German inflation rose to 3.8 percent year-on-year in July, according to the federal statistics office. The currency depreciation in Europe’s largest economy had not exceeded 3 percent since August 2008.
During the financial crisis, inflation was regularly above that limit.
The sharp increase was already expected. Last year, Germany decided to temporarily lower VAT in the second half of the year. As a result, many products are now more expensive than a year ago.
There has been a lot of talk about inflation lately. This is rising due to, among other things, the increased costs for raw materials as a result of the strongly growing economy after the low point of the corona crisis.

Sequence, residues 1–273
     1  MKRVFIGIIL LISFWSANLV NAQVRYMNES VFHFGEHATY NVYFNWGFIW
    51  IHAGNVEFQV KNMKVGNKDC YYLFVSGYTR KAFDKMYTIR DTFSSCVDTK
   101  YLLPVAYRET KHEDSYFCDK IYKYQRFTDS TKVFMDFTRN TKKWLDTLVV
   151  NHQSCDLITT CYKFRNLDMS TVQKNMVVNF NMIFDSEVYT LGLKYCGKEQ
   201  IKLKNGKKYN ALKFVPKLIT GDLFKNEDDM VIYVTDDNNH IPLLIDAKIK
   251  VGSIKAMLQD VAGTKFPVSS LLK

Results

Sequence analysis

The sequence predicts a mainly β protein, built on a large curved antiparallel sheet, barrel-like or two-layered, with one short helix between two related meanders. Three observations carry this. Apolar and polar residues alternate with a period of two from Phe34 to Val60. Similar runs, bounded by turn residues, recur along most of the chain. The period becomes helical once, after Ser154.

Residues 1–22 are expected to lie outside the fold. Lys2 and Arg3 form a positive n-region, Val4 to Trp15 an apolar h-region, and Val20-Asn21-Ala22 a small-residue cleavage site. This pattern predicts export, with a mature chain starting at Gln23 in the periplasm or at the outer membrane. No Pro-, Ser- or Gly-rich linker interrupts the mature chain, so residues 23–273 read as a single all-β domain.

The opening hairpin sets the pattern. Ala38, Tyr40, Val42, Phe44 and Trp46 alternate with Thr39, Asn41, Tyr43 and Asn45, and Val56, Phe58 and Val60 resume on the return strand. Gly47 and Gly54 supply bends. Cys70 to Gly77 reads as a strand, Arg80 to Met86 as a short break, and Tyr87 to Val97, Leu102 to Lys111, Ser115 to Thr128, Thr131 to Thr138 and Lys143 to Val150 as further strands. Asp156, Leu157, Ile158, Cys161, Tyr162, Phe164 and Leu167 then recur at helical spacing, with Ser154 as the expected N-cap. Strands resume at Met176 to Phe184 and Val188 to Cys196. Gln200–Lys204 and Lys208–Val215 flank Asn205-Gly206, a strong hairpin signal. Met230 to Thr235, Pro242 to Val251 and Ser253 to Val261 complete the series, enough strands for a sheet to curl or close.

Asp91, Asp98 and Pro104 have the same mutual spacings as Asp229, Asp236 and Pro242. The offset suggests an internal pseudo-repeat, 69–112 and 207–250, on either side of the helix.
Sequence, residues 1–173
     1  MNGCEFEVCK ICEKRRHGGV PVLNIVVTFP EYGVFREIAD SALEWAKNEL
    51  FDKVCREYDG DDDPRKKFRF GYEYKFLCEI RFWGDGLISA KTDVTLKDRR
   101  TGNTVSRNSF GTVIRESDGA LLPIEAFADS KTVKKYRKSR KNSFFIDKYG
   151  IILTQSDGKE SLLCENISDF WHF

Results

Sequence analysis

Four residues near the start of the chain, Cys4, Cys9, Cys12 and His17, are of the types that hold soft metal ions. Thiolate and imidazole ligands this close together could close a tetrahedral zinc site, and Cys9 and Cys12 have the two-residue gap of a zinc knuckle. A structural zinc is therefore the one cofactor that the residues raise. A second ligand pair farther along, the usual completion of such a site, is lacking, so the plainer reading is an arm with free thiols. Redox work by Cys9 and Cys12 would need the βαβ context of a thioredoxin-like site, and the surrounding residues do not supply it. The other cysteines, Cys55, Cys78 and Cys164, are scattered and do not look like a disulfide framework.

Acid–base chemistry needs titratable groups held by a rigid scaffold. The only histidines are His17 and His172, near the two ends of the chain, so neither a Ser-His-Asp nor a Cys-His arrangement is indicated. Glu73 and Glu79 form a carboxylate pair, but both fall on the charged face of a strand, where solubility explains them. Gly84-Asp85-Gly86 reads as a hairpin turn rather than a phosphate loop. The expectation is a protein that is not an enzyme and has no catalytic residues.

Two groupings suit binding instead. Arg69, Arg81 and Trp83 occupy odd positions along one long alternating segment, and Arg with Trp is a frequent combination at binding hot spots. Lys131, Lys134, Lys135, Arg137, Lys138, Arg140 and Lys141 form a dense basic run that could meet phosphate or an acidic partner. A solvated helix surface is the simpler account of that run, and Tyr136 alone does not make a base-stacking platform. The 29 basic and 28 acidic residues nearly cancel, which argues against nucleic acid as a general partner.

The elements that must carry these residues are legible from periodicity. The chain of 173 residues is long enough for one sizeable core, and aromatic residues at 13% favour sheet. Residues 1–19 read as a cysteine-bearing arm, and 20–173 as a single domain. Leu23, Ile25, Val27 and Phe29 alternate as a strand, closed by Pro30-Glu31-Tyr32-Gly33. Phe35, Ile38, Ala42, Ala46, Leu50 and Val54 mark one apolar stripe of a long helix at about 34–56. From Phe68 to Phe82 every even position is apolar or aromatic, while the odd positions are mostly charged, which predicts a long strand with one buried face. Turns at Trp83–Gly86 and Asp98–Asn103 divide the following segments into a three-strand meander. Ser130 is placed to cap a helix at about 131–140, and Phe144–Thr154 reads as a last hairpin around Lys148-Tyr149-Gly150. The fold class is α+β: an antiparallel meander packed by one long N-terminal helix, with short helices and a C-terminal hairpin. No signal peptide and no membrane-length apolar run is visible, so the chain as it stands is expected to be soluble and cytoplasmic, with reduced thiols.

Energy costs are also rising sharply. The question for central banks is whether inflation is temporary or whether they should intervene by phasing out support measures and raising interest rates.
The European Central Bank (ECB) is looking for a so-called harmonized figure to compare German inflation with that in other European countries. That came in at 3.1 percent year-on-year, still well above the ECB’s new target of 2 percent inflation.